Hi I am Anjali Muntha, b. 2000 in Hyderabad and raised in Mysore. I graduated with a degree in Management Studies in 2020. Throughout my working life I have always enjoyed working with people, so during my college days, I chose to work in the Human Resource field as an intern at Nestle and Cyient. After graduating, I worked at a Social and Emotional Learning (SEL) based start-up. I developed meaningful relationships with parents and taught kids SEL skills. However, after a long period of dealing with debilitating anxiety issues, I sought after a change of environment. I became attracted to a nearby pottery studio in search of peace. The first time I held clay in my hands, I knew in my heart that I wanted to pursue it for the rest of my life. The soft and cold sensation of it gave me a break from my negative emotions for the first time in several months. From this, I went on to complete my teacher training course in pottery and sculpting. Currently, I am working as an instructor in Dharamkot Studio where I continue to utilise my social outreach skills through my daily interaction with students who are interested in learning ceramics.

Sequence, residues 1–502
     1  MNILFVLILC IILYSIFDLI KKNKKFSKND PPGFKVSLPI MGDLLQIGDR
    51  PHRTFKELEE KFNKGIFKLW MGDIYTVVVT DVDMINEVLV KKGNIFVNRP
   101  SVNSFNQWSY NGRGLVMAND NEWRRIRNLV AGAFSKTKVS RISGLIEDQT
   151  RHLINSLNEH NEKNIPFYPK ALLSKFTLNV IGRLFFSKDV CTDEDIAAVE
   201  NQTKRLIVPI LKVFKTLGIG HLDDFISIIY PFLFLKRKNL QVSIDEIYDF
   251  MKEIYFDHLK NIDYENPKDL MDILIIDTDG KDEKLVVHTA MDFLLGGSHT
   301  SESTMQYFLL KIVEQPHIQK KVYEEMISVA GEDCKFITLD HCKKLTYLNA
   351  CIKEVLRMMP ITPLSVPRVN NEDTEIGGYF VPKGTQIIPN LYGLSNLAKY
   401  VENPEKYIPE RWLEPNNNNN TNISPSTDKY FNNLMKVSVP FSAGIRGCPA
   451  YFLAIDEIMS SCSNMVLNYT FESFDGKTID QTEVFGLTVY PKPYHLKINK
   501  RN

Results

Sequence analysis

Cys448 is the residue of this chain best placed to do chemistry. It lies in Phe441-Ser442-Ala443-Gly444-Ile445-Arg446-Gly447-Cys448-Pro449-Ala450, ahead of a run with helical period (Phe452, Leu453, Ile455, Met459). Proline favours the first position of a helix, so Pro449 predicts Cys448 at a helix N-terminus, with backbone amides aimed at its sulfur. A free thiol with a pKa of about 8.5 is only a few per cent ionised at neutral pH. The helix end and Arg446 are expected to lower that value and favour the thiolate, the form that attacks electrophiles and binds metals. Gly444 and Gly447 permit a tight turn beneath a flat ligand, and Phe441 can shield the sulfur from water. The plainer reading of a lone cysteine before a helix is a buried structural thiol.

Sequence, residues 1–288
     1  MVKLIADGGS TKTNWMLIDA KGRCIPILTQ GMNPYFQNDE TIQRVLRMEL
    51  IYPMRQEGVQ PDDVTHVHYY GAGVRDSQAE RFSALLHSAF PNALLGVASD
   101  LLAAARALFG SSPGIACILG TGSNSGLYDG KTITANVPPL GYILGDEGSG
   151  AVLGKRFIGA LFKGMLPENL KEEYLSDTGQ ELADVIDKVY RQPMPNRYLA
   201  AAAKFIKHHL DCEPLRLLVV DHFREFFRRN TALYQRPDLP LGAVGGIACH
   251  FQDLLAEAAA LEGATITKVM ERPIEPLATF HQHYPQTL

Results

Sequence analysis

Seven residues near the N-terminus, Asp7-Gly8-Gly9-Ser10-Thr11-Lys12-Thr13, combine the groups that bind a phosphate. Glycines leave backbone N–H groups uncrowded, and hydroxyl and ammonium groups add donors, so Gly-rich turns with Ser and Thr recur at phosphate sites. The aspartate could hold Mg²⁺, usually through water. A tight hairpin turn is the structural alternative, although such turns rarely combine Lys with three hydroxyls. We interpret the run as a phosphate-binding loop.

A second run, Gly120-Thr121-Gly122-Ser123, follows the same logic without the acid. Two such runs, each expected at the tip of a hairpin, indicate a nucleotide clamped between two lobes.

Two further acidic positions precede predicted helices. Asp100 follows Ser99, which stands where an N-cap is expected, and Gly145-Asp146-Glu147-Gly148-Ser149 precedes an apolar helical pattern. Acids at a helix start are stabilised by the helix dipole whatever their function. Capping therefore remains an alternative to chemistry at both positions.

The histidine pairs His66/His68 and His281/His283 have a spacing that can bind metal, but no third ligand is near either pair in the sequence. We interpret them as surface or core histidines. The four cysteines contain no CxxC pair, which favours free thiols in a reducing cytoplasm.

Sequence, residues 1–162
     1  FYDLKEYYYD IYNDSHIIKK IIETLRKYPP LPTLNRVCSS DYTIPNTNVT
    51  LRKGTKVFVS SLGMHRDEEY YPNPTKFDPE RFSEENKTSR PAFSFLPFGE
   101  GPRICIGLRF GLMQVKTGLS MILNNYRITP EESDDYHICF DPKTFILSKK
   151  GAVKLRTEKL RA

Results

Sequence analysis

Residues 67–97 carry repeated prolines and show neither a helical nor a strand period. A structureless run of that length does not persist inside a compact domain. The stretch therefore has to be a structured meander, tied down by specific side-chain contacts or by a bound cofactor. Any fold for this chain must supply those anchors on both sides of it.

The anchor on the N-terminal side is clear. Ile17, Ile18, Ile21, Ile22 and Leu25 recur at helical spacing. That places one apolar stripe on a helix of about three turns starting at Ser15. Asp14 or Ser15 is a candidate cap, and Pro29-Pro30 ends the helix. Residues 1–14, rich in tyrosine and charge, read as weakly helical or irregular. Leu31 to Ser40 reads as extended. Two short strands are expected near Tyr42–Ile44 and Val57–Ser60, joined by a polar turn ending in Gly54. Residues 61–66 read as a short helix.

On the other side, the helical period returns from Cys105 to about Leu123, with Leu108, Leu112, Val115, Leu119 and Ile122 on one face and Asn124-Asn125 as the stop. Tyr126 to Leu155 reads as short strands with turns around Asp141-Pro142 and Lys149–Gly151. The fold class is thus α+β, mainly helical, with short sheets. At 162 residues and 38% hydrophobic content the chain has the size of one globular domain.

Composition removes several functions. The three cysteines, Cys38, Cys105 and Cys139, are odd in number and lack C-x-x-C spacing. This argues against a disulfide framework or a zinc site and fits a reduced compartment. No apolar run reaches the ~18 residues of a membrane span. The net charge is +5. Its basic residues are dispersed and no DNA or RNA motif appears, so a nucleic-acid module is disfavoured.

Artist Statement: My multidisciplinary practice, involving ceramics, painting, illustration and sculpture, has evolved through my autodidactic exploration into the art world. Since my pivotal switch towards ceramics in 2022, I have felt a deep connection to this medium as a salient aspect of my self-expression. Currently, my work revolves around pairings of opposing themes; anxiety and healing, death and repair, grief and humour. After I construct various functional pieces such as plates, mugs and planters, I explore these themes by creating a narrative directly onto the surface of the piece through painting and illustration. I have always been submerged in the fantastical world of storytelling and daydreaming.

In my school years, my teachers threw chalk at me when I used to fall into trance-like states of daydreaming. Throughout my years of suffering with anxiety, this escapism became a coping mechanism for me as I made up scenarios to distract me from reality. Now, drawing inspiration from nature and my own life, I like to use my work as a personal diary. I paint colourful and whimsical illustrations that at first glance are seemingly humorous when in actuality they depict a darker subject matter.

I enjoy working with this duality of dark and light as a way of wrestling with difficult themes, it allows easy initiation of conversation into these topics in a disarming and relaxed way. A practice that I have taken from my earlier working life is now translated into my ever-evolving artwork.